The spectacularly beautiful Dingle Peninsula in southwestern Ireland has been referred to as one of the most beautiful places on earth by National Geographic Traveler and was voted one of the top destinations in the world by Trip Advisor. The Dingle Peninsula is full of rugged, untouched, awe-inspiring scenery; as well as an historic and archaeological treasure trove dating from the prehistoric Neolithic age to the Celtic pagans. Although the green, verdant summertime is the height of tourist season, CNN recommended it as a favorable winter destination, and it is known as one of the top ten places to be on New Year’s Eve.
Dingle Peninsula is known as a gaeltacht, or a place where Gaelic (or Irish) is spoken, and a national park for the preservation of the traditional ways of the Old Irish culture. Travelers to the scenic Dingle Peninsula may feel like they are taking a step back in time, where people are generally a happy, friendly lot; where traditional farming and fishing are still the norm; where the arts and crafts of generations past are kept active today; and where the pubs of the last centuries are still happily pouring pints for locals as well as travelers. Visitors to Dingle Peninsula will find the stunning coastline on the shores of the beautifully clear Atlantic Ocean a dramatic outline of the rugged green terrain surrounding craggy mountains in the interior of the peninsula. Full of character, fishing and market towns and villages, each with its own personality, heritage, and ambiance; are great for exploring.
The Dingle Peninsula is easily explored by hiking, biking, car, or bus. Hikers and backpackers can experience the miles of sandy beaches between stunning rocky cliffs, the beautiful hills and mountains, and the remote archaeological sites. Bicyclists often travel the Slea Head Drive from Dingle, which is a circular route around the peninsula also used by cars and bus tours, which includes many attractions and spectacular views on the western part of the peninsula. Automobiles are able to easily traverse the peninsula, but there are a limited number of petrol stations, and travelers need to make sure to fill up before setting off. Many who wish to take in the sights led by a knowledgeable tour guide prefer daily bus tours.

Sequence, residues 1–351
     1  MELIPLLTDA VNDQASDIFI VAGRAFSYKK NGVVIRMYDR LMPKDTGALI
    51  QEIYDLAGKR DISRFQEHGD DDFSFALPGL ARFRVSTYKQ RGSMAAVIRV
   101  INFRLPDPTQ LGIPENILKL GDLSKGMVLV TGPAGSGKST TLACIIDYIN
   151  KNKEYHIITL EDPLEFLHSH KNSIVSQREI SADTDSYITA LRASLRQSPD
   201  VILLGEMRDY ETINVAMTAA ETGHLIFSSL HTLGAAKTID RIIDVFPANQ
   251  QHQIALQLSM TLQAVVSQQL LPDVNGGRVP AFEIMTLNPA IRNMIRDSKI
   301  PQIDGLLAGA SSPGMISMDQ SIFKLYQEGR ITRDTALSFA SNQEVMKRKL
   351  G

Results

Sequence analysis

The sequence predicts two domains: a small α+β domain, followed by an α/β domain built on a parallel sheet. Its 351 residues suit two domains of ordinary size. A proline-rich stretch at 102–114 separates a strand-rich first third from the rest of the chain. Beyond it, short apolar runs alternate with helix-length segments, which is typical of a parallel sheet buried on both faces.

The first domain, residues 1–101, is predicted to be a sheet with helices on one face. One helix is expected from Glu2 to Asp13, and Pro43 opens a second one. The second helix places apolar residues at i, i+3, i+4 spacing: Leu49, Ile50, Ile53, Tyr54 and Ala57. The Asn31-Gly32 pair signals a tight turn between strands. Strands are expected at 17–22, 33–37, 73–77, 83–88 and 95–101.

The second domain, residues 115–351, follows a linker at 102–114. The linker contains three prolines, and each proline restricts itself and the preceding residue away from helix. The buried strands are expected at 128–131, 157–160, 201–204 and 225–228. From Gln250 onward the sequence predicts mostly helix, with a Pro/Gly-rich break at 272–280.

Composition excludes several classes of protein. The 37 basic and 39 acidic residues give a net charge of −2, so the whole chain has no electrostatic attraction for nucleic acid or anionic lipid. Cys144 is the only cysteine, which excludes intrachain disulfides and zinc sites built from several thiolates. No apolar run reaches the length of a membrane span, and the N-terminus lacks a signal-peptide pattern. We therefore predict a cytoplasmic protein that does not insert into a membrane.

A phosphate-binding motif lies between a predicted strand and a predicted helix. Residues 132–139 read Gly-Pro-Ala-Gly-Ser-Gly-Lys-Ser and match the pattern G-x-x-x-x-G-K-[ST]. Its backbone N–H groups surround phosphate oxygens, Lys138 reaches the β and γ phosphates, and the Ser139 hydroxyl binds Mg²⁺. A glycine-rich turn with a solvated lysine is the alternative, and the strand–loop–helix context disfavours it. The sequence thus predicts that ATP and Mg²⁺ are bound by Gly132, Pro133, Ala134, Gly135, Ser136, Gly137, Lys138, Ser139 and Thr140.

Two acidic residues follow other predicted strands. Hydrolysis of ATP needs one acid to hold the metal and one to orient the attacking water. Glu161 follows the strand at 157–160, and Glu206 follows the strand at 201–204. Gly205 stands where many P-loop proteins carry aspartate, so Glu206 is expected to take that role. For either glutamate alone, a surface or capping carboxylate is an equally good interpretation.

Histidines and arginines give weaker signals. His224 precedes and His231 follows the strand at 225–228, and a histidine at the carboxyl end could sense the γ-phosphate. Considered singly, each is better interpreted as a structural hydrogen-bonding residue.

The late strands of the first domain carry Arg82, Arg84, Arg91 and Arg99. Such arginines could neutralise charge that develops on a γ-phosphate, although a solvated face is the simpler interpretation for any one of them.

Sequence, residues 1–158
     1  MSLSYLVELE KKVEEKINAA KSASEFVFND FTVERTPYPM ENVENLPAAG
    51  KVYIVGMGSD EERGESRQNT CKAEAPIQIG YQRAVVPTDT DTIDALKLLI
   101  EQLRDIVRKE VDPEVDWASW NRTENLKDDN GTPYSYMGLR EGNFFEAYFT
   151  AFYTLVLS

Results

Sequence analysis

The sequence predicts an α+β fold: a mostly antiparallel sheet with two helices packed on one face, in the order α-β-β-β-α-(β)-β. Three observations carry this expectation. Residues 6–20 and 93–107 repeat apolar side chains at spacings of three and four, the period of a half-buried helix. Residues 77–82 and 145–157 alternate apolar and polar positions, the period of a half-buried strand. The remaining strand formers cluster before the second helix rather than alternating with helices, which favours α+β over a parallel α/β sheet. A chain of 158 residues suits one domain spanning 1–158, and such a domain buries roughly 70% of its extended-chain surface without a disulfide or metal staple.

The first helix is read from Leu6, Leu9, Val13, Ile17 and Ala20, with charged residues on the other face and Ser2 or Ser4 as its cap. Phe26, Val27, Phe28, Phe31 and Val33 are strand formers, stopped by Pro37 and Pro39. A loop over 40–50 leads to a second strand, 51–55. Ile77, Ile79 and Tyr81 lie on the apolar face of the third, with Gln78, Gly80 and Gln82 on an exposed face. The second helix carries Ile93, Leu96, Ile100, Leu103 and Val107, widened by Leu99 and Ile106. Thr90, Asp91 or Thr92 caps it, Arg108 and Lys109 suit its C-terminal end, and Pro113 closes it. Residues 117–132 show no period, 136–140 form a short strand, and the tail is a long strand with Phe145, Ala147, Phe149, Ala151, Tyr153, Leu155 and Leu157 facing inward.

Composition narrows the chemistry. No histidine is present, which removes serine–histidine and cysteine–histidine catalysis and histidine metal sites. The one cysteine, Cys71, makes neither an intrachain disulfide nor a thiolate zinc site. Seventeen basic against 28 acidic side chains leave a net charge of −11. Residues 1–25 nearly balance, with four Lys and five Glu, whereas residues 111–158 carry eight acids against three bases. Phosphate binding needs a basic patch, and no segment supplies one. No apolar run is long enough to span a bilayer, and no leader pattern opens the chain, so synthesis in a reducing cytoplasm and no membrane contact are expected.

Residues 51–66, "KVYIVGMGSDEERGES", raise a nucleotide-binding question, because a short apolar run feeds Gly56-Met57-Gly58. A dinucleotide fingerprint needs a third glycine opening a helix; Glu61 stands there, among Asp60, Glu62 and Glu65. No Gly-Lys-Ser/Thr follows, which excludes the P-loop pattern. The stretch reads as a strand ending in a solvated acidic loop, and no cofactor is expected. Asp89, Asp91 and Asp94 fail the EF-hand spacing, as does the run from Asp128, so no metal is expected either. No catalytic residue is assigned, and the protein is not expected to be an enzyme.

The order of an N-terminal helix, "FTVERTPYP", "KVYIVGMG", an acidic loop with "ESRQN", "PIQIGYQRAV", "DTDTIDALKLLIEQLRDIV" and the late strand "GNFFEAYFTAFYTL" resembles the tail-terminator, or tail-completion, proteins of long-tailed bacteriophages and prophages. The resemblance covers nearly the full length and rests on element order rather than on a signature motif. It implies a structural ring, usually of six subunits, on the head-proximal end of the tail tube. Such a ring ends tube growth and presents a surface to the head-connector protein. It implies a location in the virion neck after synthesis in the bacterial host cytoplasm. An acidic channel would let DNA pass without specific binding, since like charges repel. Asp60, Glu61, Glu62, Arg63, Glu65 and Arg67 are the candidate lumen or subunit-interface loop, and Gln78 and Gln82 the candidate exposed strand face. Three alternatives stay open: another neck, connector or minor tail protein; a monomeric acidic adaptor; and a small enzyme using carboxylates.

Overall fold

Accommodations on the Dingle Peninsula are plentiful and wide ranging. Different types of lodging include bed and breakfast at country homes, farmhouses, and town homes, guesthouses, hotels, hostels, camping and caravan sites, and self-catering accommodations. Prices range from luxury to budget, so there is something for everyone. Besides sightseeing, the Dingle Peninsula offers many activities, such as sailing, fishing, festivals, arts and crafts, golf, traditional music, pubs and restaurants, or on the other hand – peace and serenity. And every visitor should stop to see Fungie, the friendly resident bottlenose dolphin, at Dingle Bay.
All in all, the Dingle Peninsula deserves every accolade given to it. The breathtaking scenery, the friendly villages, and the remarkable ancient historical artifacts; all combine to make the Dingle Peninsula an amazing destination to visit.